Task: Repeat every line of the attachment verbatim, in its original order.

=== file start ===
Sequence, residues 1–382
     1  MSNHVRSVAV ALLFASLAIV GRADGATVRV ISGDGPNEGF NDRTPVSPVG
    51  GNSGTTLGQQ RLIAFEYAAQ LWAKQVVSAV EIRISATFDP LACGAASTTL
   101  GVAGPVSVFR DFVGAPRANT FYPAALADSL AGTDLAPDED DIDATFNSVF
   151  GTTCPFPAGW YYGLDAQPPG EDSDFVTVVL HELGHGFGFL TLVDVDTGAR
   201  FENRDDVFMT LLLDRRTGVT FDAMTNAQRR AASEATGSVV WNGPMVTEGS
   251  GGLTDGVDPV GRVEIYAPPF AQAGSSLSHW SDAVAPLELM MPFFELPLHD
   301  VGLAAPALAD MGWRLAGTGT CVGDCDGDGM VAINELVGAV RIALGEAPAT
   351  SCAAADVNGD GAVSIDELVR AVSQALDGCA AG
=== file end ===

Sequence, residues 1–382
     1  MSNHVRSVAV ALLFASLAIV GRADGATVRV ISGDGPNEGF NDRTPVSPVG
    51  GNSGTTLGQQ RLIAFEYAAQ LWAKQVVSAV EIRISATFDP LACGAASTTL
   101  GVAGPVSVFR DFVGAPRANT FYPAALADSL AGTDLAPDED DIDATFNSVF
   151  GTTCPFPAGW YYGLDAQPPG EDSDFVTVVL HELGHGFGFL TLVDVDTGAR
   201  FENRDDVFMT LLLDRRTGVT FDAMTNAQRR AASEATGSVV WNGPMVTEGS
   251  GGLTDGVDPV GRVEIYAPPF AQAGSSLSHW SDAVAPLELM MPFFELPLHD
   301  VGLAAPALAD MGWRLAGTGT CVGDCDGDGM VAINELVGAV RIALGEAPAT
   351  SCAAADVNGD GAVSIDELVR AVSQALDGCA AG